“We went to the Sirenuse, an old family house converted into a first-class hotel, spotless and cool, with grape arbors over its outside dining rooms. Every room has its little balcony and looks out over the blue sea to the islands of the sirens from which those ladies sang so sweetly. The owner of the Hotel Sirenuse is an Italian nobleman, Marquis Paolo Sersale. He is also the mayor of Positano, a strong handsome man of about 50 who dresses mostly like a beachcomber and works very hard at his job as mayor.”
Despite his noble lineage, he was elected because he was the only Communist in the town, a distinction in a field of royalists.
Last weekend, I set off to follow in Steinbeck’s footsteps. A visit to Le Sirenuse, which still remains within the Sersale family revealed it to be an enchanting, antique-laden warren whose arched windows frame one of the most beautiful views in the world, revealing a tumble of houses clinging to a cliffside high above a clear blue bay. Sipping a drink on the terrace, I could see why Steinbeck fell in love with the hotel which honours the connection by hosting a literary retreat each spring for aspiring American novelists. David Foster Wallace, the author of Infinite Jest, once joined Jonathan Franzen as guest lecturers at the hotel.
However, Steinbeck was wrong on one point about Positano. Tourists he declared would never touch the town: “in the first place there is no room” and secondly he could not imagine “a languid tourist-lady… in sandals as white and light as little clouds” hiking up the Positano stairs for a cocktail: “She will arrive looking like a washcloth at a boy’s camp.” Today 150,000 tourists visit Positano (Pop: 5,000) each year with Scots certain to be among them now that easyJet is flying direct from Edinburgh to Naples.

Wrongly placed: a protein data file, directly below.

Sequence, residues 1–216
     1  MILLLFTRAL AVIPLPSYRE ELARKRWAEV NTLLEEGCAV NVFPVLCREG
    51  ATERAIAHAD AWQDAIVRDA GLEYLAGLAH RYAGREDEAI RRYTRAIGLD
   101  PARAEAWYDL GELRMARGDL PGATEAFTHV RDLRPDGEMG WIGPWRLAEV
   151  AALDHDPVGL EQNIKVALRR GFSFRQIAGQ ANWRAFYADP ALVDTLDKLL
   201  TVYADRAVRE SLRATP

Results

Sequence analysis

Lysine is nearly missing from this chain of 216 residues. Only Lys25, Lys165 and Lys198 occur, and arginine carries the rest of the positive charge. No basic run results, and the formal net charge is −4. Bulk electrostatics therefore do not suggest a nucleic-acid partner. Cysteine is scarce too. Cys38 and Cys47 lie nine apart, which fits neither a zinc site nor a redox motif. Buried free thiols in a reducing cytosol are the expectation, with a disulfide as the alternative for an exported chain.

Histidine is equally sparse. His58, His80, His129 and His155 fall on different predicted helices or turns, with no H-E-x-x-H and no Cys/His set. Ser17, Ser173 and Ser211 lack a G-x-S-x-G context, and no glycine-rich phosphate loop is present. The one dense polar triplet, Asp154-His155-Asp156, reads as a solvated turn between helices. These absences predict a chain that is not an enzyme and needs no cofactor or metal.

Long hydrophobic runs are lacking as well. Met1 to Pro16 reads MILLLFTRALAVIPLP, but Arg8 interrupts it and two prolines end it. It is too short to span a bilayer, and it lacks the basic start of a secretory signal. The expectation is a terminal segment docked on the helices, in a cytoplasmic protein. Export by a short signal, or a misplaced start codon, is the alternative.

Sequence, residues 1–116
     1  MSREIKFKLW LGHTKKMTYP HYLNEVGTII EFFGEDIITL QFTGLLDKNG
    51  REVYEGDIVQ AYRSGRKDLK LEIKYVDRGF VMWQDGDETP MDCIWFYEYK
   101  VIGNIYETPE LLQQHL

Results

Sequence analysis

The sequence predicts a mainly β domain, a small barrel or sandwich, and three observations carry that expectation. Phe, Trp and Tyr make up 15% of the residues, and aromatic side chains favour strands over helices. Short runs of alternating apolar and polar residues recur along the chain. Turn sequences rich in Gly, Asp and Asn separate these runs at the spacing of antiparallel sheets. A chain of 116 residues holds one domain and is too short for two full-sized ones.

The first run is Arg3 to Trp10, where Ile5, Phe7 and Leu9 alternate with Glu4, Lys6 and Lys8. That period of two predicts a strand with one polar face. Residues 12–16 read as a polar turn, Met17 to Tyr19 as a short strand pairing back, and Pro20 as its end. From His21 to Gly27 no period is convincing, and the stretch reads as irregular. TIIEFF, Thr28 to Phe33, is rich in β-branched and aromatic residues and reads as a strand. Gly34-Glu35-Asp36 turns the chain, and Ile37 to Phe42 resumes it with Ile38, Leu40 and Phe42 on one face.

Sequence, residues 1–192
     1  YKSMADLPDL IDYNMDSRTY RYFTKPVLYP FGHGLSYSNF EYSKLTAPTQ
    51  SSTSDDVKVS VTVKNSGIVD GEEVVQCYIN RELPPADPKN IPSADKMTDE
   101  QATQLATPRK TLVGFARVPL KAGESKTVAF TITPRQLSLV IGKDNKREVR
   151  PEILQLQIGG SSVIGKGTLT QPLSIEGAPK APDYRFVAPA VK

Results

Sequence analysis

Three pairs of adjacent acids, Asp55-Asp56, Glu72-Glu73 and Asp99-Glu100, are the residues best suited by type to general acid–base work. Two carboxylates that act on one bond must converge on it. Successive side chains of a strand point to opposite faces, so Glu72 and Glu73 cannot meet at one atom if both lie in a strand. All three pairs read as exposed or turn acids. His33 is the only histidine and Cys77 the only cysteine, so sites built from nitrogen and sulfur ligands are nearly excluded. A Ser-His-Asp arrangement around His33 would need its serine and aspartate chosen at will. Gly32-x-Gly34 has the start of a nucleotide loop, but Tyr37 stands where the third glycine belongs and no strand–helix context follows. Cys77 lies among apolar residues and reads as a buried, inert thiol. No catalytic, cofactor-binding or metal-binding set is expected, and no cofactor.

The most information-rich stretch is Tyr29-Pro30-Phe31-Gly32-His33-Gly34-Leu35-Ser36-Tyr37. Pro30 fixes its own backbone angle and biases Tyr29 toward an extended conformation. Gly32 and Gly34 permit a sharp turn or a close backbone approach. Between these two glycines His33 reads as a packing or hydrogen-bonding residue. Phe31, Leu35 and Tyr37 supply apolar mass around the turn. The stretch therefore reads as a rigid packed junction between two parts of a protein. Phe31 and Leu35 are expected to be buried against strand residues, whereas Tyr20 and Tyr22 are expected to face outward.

Positano has a rich and ancient history. When Tiberius moved to Capri in 26AD he was so fearful of being poisoned that he had his galley creep down the coast to collect flour from a mill in the town. Later, as part of the Republic of Amalfi in the ninth, tenth and 11th century Positano’s seamen helped to write the maritime laws and the city was once said to rival Venice in nautical might. Although it lacked a port, the townsfolk would haul the galleys ashore with ropes. Positano’s swelling fortunes were at its height in the 16th and 17th century when it traded with the near and Middle East. But its naval power was broken by the rise of steamships which required a proper port and between 1860 and 1870 6,000 residents emigrated to America and the population dropped to 2,000.